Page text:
Supposedly, in the American justice system, children are not punished directly for the crimes of their parents. For instance, the child of a drug dealer wouldn’t themselves be sent to prison along with their parent. The idea is absurd on its face. But this is exactly what is happening when the children of undocumented immigrants and adoptees without citizenship are deported back to their “home” countries.
It’s a double injustice for adoptees without citizenship; punished for the sins of two sets of parents, of two countries. I had the privilege to interview John Doe (not his real name), an adoptee without citizenship. When viewed in the light of his story the grotesqueness of the transgressions is clear.
John’s story starts out as a familiar tragedy. Given up by his mother at the age of 2, John was left on the doorstep of his paternal uncle. This is just the beginning of the failure, not of John, but almost everyone else around him. John was routinely beaten by his cousins. After discovering this horrendous situation on one of their visits to Korea, his paternal grandmother and his paternal aunt took John with them when they went back to America. John was 6 years old.
It was then that he was reunited with his biological father and met his father’s common law wife. Any hopes for a happy home life were quickly shattered when his father’s common law wife began to physically and sexually abuse John. She performed sexual acts on him while his father was at work. His word against hers, John was betrayed again by his father who did not believe him. The same and only person who’d ever done anything to protect him took action again. His paternal aunt and her then husband adopted John into their family. John was now 9 years old.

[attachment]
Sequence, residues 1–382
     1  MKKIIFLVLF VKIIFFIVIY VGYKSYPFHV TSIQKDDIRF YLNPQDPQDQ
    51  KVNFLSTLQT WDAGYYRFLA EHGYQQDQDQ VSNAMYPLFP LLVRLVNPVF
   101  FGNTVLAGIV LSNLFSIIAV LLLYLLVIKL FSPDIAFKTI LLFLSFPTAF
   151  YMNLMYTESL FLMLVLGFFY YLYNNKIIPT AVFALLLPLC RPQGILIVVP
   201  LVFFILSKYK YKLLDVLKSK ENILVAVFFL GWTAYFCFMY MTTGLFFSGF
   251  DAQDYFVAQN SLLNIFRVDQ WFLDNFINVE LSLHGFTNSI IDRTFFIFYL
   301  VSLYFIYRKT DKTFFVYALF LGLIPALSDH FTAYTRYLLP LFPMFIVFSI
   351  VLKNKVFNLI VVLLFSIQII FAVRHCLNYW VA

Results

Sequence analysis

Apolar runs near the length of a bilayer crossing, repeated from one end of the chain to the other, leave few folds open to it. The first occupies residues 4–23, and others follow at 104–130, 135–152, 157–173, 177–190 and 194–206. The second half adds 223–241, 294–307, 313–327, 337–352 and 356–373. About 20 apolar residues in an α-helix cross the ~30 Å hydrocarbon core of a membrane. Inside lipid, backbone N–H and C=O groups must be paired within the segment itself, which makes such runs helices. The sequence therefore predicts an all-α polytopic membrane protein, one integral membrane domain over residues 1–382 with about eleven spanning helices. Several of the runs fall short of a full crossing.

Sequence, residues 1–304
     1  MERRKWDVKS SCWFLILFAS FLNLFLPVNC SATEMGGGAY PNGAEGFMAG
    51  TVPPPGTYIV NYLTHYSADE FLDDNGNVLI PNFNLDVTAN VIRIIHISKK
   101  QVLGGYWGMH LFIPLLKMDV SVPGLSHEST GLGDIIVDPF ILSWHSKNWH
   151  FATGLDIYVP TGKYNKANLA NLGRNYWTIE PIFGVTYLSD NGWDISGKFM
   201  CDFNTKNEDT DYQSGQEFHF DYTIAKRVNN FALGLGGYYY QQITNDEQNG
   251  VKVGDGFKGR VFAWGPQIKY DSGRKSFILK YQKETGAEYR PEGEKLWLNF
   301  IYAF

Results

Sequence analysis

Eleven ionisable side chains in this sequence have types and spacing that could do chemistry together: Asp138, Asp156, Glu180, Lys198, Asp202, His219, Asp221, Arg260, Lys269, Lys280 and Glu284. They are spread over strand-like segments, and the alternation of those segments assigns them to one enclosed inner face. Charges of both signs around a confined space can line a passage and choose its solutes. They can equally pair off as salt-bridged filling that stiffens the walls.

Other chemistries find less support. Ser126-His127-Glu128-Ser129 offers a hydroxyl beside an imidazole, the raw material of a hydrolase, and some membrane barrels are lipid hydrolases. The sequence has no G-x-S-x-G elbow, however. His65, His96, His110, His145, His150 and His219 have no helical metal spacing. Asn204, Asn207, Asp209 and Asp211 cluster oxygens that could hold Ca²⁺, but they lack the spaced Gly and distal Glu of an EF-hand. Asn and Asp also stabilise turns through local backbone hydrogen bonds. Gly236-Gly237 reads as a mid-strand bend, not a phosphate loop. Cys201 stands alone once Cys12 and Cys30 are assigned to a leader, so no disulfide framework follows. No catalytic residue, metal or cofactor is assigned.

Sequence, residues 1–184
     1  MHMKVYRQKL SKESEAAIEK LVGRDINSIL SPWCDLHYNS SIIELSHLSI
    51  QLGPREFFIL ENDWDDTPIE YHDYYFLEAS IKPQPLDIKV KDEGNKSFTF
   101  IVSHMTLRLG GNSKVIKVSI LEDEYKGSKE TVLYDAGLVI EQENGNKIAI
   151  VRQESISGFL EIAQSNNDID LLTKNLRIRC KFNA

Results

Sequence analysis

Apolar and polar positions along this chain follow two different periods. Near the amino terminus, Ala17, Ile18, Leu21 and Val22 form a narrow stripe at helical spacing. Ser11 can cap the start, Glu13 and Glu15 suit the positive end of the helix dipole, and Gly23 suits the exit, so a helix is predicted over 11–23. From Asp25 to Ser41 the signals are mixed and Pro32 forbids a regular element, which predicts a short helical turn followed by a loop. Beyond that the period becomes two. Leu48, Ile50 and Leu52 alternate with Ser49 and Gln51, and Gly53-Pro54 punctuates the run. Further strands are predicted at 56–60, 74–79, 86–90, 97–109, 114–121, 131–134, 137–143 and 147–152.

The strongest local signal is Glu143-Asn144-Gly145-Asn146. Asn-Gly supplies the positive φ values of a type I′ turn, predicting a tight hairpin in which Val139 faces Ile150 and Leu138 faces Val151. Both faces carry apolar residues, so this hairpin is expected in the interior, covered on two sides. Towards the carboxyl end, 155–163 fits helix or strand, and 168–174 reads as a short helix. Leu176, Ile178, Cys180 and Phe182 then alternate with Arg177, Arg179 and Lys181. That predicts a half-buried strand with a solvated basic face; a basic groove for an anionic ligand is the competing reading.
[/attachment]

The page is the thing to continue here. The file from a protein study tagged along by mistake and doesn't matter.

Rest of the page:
John was in a stable household with a loving family for the first time in his life. It wasn’t enough to overcome his childhood of abuse. He got involved with the wrong crowd and was arrested on a charge of conspiracy to sell meth. A first time, nonviolent adult offender, John was sentenced to 13 years of incarceration. The wrongness of his sentencing notwithstanding, John used his time in person to reform, work through his pain, and earn an education. Eager to hit reset on his life, he was blindsided by ICE a month before his release with the news he was not a US citizen. ICE told him it wasn’t an issue and that he was free to go when his sentence was up.
Punished for the sins of his family through abuse and assault, John persevered. Punished by the US government, he paid his debt to society and persevered. Instead of being able to live a full, normal existence alongside his wife as is right, just and owed him, he is forced into limbo; fearing the prison of deportation to a place where he doesn’t know anybody, where he doesn’t belong.
There is no question that John and all adoptees without citizenship still in the United States should be granted citizenship, retroactively and going forward. It is owed to them. There is no question that all deported adoptees should be allowed to return to the US and granted citizenship since they should never have been deported. The real question is will the United States government uphold its professed moral ideals, or, through inaction drive another nail into the coffin of American exceptionalism, American moral righteousness?